The Servant Leader vs. the Human Ego

post by Ken Blanchard:

Most people who consider themselves servant leaders spend
the majority of their time thinking about how to help their people get what
they need to achieve their goals and live according to the organizational
vision. These leaders want to make a difference in their organizations and in
the lives of their people. They believe if they demonstrate that they care for
their people, their people will, in turn, practice that same philosophy with
customers, which will lead not only to great relationships but also
organizational success.

Like everyone else, however, even the most well-meaning
servant leader struggles occasionally with the human ego. It sneaks up when
they least expect it and manifests itself in two ways. The first way is false
pride—when someone thinks more of
themselves than they should. They may begin to believe all the brains in the
organization are in their office, try to claim credit for the work of others,
or spend an excessive amount of time on self-promotion. The second way ego
shows up is as fear or self-doubt—when someone thinks less of themselves then they should. The main focus of these
managers is on their own shortcomings; they are often too hard on themselves.

It’s obvious to most that a fear-driven leader’s self-doubt
is rooted in low self-esteem, because this type of person acts as if they are
worth less than others. They don’t believe in themselves or trust their own
judgment. They are seen as “do-nothing” managers. They are seldom around, and
when they are, they avoid conflict and are not very helpful. They rarely speak
out to support their direct reports—and under pressure they will defer to the
person with the most power.

Leaders dominated by false pride also lack self-esteem; it’s
just not as obvious. They act as if they think they are worth more than others,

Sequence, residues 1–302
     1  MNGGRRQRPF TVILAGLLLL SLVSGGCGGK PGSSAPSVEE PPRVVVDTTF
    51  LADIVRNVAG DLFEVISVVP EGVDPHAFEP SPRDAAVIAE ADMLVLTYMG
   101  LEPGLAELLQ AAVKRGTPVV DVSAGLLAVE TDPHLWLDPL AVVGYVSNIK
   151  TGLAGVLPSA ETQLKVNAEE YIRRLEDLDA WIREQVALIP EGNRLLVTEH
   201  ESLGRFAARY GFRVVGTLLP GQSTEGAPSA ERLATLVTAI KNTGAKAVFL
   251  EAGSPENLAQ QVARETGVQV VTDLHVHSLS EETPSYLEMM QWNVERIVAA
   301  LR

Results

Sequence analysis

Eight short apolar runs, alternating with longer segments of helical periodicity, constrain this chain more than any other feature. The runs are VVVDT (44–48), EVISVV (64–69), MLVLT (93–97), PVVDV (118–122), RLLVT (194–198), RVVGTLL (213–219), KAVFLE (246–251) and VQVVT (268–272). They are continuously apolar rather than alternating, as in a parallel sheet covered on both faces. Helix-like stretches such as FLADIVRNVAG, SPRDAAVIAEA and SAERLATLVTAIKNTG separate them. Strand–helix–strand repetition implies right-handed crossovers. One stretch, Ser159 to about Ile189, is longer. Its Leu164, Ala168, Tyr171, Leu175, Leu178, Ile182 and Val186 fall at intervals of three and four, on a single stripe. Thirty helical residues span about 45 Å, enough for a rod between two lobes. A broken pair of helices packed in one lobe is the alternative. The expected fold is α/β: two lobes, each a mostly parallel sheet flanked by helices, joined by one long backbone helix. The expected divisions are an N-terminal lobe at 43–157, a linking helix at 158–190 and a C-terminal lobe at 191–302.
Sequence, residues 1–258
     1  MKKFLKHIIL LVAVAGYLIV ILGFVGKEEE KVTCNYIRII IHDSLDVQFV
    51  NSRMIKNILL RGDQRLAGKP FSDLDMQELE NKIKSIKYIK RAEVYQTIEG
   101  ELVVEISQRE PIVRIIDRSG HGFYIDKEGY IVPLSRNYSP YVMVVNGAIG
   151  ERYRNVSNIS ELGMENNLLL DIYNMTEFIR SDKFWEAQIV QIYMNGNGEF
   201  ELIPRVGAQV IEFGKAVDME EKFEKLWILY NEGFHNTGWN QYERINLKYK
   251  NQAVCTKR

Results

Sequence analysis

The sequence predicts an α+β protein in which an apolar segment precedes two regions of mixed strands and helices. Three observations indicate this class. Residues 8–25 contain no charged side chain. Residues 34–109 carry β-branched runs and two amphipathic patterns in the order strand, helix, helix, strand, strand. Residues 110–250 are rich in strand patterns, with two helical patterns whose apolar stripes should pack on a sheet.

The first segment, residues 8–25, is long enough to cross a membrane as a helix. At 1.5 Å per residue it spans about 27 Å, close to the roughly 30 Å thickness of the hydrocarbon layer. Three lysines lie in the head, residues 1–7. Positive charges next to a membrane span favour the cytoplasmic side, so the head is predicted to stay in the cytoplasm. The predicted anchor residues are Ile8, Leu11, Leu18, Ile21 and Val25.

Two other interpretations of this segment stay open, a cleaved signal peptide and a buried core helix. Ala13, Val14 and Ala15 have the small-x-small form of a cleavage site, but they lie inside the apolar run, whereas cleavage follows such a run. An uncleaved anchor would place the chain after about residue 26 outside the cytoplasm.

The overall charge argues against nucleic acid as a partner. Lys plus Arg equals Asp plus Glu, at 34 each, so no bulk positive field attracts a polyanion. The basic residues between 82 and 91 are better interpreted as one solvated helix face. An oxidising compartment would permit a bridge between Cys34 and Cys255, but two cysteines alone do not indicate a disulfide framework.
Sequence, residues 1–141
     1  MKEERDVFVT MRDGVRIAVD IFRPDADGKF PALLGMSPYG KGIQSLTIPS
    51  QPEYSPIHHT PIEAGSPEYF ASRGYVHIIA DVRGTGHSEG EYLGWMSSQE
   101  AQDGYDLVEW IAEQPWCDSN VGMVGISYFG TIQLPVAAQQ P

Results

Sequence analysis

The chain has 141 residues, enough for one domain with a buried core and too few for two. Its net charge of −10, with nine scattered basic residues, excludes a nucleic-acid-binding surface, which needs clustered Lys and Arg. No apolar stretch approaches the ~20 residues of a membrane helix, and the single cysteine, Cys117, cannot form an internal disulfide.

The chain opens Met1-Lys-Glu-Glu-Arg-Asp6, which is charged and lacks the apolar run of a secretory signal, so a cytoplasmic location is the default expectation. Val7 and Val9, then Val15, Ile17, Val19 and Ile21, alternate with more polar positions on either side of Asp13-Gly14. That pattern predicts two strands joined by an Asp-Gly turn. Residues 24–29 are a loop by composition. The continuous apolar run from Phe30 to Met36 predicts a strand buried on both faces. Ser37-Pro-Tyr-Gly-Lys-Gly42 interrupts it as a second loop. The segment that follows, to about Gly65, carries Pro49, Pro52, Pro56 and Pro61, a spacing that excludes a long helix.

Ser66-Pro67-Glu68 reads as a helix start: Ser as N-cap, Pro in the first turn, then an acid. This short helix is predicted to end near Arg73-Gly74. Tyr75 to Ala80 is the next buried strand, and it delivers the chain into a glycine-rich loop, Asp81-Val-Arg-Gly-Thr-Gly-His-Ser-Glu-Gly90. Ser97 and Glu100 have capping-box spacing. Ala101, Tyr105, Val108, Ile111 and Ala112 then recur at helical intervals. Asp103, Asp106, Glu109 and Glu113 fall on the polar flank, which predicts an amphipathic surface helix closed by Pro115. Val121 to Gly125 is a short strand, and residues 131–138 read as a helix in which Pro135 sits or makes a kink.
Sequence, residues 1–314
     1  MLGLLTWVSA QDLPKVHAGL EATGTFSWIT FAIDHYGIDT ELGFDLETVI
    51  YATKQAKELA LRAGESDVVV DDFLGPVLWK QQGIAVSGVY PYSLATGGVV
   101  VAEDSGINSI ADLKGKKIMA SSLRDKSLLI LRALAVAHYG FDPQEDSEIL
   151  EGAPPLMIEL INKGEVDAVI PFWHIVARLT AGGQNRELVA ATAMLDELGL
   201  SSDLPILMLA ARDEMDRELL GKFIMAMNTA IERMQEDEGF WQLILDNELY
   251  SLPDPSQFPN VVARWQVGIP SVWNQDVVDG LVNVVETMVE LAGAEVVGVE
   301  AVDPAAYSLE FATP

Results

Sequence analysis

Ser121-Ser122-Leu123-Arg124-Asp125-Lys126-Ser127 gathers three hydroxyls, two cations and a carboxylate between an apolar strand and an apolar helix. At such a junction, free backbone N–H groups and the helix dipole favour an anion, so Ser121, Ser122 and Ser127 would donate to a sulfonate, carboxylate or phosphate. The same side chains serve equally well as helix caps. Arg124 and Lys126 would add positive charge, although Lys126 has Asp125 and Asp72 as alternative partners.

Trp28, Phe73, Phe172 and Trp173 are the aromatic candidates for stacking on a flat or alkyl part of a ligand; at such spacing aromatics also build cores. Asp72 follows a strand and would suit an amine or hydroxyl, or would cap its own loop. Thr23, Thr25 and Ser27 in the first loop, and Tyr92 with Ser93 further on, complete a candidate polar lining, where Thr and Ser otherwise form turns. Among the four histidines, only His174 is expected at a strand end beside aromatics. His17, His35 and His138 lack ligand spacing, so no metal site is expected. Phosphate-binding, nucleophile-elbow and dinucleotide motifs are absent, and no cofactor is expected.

but in reality they are overcompensating for their dissatisfaction with
themselves by trying to control everything around them. They insist they are
right when everyone knows they are wrong. They support their bosses at the
expense of their people because they want to move up the corporate ladder.

Both of these types of managers have an ego affliction that
erodes their effectiveness as leaders. Fortunately, there are antidotes for
these conditions.

The antidote for false pride is humility. It’s often said that people with humility don’t think
less of themselves; they just think of themselves less. True servant leadership
can be characterized by a humble nature—and leaders who are willing and able to
show their vulnerable side will elicit the best from their people. Give it a
try and you’ll see what I mean.

The antidote for fear or self-doubt is love. I often ask parents, “Do you love your kids?” Yes, of course,
they say. “Does this love for your kids completely depend on their success?” Of
course not—they love their kids unconditionally. I’d like you to try accepting
that unconditional love for yourself. If you buy into the idea that your
self-worth is a function of your performance plus the opinion of others, your
self-worth will be up for grabs every day. Everyone slips up now and then.
Trust that you have all the love you need. All you have to do is open yourself
to it.

Servant leadership is not just another management technique—it
is a way of life for those with servant’s hearts. Developing a servant’s heart
is a lifelong journey. It is my belief that you finally become an adult when
you realize that life is about what you give rather than what you get. The
shift from self-serving leadership to leadership that serves others is
motivated by a change in heart.

Ken Blanchard:
Ken Blanchard is one of the most influential
leadership experts in the world and coauthor of more than 65 books, including
the groundbreaking best seller The One
Minute Manager®.
His books have combined sales of more than 21 million
copies in 42 languages. In addition to being a renowned speaker and consultant,
Ken is cofounder and chief spiritual officer of The Ken Blanchard Companies (,
an international training and consulting firm started by Ken and his wife,
Margie, in 1979. His new book, Servant Leadership in Action, is a
collection of essays from 44 of today’s top servant leadership authorities and
practitioners. For more information, please visit